The Self-Determination of Yes

‘In an American journal I read a prominent English writer was described as ‘very British’. What can it mean to be ‘very British’? Could I be described in this way? Can my work be described as ‘very British’? No, not by people in Britain, or by those with a thorough knowledge of the situation. The controlling interest in ‘Britishness’ is ‘Englishness’. This ‘Englishness’ is perceived as Anglo-Saxon. It is more clearly an assertion of the values of upper-class England, and their validity despite all and in defiance of all.

Power is a function of its privileged ruling elite. To be properly ‘British’ is to submit to English hierarchy and to recognise, affirm and assert the glory of its value system. This is achieved domestically on a daily basis within ‘British’ education and cultural institutions. Those who oppose this supremacist ideology are criticised for not being properly British, condemned as unpatriotic. Those Scottish, Welsh or Irish people who oppose this supremacist ideology are condemned as anti-English. The ‘British way’ is sold at home and abroad as a thing of beauty, a self-sufficient entity that comes complete with its own ethical system, sturdy and robust, guaranteed to outlast all others.

British people are led to believe that the Royal Family are admired, loved and glorified across the globe. Should another Solar System contain life upon any of its myriad planets its inhabitants will not only accede to the Christian church but acknowledge the Head of the English Royal Family as Defender of the Faith, in competition with the Pope, standing next in line to God.

Writers like myself are guilty of being ‘too Scottish’; our ‘Scottishness’ is as an attack on ‘Britishness’ and acts as a disqualification. It is assumed that Scottish experience is homogenous whereas English experience offers a wide-ranging and worldly heterogeneity. Our work is attacked in pseudo literary tones for its perceived insularity. This also happens within Scotland; anglocentric Scottish critics condemn Scottish writers for their ‘lack of diversity’.

Being ‘too indigenous’ is the same as being ‘too working class’ and, predictably, the closer we move to the realm of class the clearer we find concerns of race and ethnicity. No one remembers that ‘Briton’ has something to do with Celticness. Being ‘too Scottish’ is seen as an assertion of a Celtic rather than Anglo–Saxon heritage. The marketability of certain individuals derives from the arousal of this racial stereotype. The proof of the English footballer David Beckham’s marketability is in his Anglo-Saxon ‘provenance’.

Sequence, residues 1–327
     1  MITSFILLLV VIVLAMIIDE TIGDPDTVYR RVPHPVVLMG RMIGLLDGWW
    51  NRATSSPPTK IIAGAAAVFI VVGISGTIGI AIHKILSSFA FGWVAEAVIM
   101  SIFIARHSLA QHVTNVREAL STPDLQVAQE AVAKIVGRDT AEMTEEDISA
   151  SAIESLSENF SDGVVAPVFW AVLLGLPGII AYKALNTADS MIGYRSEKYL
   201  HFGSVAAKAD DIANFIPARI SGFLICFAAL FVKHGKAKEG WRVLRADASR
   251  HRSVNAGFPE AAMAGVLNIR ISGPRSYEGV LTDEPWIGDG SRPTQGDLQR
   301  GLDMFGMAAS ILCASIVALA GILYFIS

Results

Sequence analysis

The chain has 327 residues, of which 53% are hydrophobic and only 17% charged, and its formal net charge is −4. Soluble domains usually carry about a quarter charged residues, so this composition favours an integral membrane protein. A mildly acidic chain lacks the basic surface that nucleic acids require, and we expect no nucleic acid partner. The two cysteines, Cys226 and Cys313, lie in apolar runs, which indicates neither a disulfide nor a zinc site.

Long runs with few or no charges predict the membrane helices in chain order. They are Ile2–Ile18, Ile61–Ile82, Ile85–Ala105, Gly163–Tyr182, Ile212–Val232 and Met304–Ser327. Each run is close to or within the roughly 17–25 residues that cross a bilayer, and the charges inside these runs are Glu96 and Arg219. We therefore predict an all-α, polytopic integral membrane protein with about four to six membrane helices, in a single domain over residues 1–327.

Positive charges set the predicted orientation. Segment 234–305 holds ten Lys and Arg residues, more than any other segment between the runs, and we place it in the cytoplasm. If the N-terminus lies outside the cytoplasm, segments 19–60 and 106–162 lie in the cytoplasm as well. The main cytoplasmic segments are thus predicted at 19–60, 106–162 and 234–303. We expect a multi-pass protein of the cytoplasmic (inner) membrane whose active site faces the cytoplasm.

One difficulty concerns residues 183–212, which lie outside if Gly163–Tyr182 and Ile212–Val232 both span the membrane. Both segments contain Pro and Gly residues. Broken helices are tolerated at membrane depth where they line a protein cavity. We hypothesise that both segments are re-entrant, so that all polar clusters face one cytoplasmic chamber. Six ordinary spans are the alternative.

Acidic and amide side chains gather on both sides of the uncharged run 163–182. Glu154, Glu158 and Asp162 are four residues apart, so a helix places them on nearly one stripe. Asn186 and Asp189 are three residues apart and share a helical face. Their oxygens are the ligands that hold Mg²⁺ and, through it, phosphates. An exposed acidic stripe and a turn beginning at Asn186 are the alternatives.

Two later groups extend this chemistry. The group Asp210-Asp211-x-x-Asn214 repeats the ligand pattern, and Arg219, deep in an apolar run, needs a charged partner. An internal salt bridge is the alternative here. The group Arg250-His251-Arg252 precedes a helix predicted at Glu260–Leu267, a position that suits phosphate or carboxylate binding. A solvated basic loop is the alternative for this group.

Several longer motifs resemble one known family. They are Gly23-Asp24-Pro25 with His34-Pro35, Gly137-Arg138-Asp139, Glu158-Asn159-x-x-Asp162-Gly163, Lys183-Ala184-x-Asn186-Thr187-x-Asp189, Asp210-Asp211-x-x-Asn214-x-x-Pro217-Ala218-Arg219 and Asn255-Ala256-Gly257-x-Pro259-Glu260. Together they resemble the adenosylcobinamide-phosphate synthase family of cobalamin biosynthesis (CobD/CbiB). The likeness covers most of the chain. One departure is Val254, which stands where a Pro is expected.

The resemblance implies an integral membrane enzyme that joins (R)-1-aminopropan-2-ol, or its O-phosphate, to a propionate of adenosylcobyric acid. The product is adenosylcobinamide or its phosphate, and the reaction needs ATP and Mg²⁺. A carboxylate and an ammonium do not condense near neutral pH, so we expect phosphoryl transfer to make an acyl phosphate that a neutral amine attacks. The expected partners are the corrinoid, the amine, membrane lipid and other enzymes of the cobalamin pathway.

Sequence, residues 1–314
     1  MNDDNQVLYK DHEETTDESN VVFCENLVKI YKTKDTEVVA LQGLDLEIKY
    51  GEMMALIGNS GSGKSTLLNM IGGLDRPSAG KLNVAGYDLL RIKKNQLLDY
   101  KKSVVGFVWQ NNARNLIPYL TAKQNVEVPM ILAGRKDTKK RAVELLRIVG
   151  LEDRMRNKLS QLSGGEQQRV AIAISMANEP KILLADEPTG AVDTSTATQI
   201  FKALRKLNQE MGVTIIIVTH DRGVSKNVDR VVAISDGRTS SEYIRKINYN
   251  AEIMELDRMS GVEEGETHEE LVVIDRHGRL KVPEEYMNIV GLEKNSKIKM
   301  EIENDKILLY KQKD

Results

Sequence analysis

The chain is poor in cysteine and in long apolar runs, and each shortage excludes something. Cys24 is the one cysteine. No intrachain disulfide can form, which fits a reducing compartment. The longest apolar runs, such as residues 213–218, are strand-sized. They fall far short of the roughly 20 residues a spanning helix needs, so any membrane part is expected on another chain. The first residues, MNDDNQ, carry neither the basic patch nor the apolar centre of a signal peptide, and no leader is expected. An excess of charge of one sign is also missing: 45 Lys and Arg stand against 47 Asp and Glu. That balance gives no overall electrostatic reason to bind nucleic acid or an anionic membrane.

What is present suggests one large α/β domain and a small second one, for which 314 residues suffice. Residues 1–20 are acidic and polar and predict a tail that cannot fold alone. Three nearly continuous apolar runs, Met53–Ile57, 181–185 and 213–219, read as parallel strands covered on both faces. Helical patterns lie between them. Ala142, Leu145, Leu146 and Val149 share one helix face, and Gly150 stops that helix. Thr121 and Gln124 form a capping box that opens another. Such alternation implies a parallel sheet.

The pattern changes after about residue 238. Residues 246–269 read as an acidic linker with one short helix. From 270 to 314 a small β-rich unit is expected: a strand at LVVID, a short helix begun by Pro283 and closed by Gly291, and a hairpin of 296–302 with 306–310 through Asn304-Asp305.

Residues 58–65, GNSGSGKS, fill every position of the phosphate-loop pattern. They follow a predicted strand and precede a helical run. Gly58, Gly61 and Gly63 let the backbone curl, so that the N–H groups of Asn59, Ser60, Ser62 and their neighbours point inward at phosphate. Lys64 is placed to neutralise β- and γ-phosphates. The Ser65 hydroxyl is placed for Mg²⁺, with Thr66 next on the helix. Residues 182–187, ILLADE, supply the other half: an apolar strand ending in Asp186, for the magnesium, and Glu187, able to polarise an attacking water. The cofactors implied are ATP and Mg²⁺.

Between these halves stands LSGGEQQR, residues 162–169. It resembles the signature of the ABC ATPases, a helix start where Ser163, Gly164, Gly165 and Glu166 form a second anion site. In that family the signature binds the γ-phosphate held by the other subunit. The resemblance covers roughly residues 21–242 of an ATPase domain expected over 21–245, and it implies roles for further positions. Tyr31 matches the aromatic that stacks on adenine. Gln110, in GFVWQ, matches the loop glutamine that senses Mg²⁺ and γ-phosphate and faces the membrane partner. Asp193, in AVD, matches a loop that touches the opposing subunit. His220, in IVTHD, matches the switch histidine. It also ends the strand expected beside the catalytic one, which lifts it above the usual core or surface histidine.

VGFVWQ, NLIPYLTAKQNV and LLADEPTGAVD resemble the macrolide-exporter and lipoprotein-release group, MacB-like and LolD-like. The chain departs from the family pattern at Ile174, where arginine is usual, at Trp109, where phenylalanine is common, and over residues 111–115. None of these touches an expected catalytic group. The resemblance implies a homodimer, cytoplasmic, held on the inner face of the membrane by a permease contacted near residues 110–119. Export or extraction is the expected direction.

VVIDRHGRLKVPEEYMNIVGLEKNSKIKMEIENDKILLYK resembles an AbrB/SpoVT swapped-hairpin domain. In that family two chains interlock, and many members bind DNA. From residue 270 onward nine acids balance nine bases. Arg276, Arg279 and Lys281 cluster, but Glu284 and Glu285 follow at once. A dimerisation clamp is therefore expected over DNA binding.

A colonial or imperial context helps clarify the argument. The key is class. ‘Scottishness’ equates to class and class equals conflict. Even within Scotland we can be criticised for this. The work of writers deemed ‘too Scottish’ shares a class background. Occasionally we are condemned for confining our fiction to the world of the urban working class. This suggests that for working class people cultural boundaries are fixed in place. Their world is an entirety of experience, culturally as well as economic. None can step beyond the limits of that world. It is a world barren of the finer things in life which are not only material but spiritual. Working class people cannot engage with art and philosophy. In their world there is no art and philosophy.

This elitism is straightforward and at the heart of the hostility but, as with racism, is seldom remarked upon within the establishment and mainstrean media. It rarely occurs to critics that working class people might read ‘proper’ books or look at paintings as opposed to ‘pictures on the wall’. When it does occur to them it is treated as a phenomenon. They do not progress to the discovery that the life of one human being is as valid as another, that the life experience of one section of society is as diverse as another.